It’s even problematic that we have gotten to the point where it is largely accepted to speak about Gaza independently of the West Bank, or of other Palestinians. That too is an outcome of political happenings.
In terms of how do we improve the condition of life inside Gaza, there is no doubt that the first step is to loosen Israel’s grip, as well as recognize that Palestinians in Gaza as much as in the West Bank and as much as Palestinians elsewhere are all part of the same group that is impacted by these political decisions.
Ziabari: What do you think about President Donald Trump’s suspension of US funding to UNRWA, the UN agency for Palestinian refugees? Was this decision motivated by a personal dislike of Palestinians, or does it point to the larger US Middle East policy?
Tawil-Souri: First, I don’t think of this as separate from Trump’s other policies and criticisms of other supra-national entities. Trump has criticized NATO, the UN, NAFTA, the Paris Agreement on the environment and so much more. He’s obviously a president that believes — if I can say that he believes anything — that none of these international institutions are worth being part of and, in fact, seems to want to work against them, and in some cases dismantle them.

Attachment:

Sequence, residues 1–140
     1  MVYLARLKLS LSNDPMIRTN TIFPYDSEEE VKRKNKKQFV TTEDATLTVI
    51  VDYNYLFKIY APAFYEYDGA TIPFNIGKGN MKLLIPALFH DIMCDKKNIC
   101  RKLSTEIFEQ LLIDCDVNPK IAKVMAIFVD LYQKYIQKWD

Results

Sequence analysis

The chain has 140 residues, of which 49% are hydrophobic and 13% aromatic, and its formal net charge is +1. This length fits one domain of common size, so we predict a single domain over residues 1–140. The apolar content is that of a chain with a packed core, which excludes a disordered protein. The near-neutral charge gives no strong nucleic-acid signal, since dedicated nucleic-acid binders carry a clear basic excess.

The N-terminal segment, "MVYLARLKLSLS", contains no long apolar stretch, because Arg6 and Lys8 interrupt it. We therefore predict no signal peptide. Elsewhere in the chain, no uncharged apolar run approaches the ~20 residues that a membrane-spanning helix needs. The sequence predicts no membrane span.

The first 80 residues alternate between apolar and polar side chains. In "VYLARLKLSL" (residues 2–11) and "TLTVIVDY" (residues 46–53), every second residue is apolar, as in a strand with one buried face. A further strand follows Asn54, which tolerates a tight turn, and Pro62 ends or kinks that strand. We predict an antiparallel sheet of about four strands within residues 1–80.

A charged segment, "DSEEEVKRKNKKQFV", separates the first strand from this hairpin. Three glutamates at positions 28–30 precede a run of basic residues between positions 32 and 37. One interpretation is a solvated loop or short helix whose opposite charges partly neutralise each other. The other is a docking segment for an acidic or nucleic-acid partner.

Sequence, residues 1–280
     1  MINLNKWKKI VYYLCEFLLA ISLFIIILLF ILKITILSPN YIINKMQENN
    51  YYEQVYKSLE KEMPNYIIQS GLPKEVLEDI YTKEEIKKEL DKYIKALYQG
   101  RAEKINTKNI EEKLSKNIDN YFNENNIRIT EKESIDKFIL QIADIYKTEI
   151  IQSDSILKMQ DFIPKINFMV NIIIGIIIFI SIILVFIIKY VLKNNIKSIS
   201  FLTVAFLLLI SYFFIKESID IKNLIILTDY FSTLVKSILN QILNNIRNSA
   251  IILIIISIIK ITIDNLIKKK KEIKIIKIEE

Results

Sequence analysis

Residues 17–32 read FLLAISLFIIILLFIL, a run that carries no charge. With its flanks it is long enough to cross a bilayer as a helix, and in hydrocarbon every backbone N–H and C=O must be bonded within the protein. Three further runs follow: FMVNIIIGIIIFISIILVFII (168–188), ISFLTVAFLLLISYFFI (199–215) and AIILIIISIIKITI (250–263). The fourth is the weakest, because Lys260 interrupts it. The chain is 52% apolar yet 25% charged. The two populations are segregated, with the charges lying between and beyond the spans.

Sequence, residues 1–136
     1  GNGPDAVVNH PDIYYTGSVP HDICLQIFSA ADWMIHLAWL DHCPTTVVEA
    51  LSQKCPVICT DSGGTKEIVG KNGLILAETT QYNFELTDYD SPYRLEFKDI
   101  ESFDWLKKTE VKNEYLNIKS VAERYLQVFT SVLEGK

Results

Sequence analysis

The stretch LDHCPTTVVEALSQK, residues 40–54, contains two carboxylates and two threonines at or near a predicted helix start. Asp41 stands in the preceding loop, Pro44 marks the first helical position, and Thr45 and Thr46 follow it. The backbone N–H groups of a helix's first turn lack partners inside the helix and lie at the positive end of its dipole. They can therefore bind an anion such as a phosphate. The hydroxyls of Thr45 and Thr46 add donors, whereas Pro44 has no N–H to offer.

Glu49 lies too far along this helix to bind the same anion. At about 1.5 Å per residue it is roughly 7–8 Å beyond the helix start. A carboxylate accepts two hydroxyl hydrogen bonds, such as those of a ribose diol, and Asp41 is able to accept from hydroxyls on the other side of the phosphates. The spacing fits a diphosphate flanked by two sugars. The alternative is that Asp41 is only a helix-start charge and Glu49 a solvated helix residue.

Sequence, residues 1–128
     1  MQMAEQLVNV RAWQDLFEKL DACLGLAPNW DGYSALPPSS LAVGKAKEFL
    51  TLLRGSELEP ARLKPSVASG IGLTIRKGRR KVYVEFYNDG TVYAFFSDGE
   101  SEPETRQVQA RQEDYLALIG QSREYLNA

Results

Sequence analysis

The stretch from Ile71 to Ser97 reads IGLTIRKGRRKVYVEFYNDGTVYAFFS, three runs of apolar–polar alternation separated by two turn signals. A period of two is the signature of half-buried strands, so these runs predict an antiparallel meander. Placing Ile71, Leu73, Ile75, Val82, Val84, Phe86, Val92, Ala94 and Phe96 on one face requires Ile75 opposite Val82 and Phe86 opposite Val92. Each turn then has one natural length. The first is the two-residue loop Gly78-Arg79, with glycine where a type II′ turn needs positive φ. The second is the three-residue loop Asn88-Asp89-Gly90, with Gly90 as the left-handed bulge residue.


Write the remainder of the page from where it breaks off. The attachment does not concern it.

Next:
So, it’s easy to see the refusal to fund UNRWA as a way for Trump to work against the UN, an entity he has voiced animosity toward. Of course, one also can’t help but see this in the longer historical context that it is, unfortunately, often Palestinians who pay the price for larger geopolitical decisions. Those who suffer the consequences are most often the people.
Second, I also don’t see this as separate from the example of moving the US Embassy to Jerusalem. Trump’s stance vis-à-vis Israel-Palestine is so obviously and overtly right wing — Israeli right wing, I mean — that cutting funds to UNRWA or moving the embassy to Jerusalem are outcomes of such a stance. These are very much the dreams of Israeli right-wing governments and right-wing supporters in places like the US.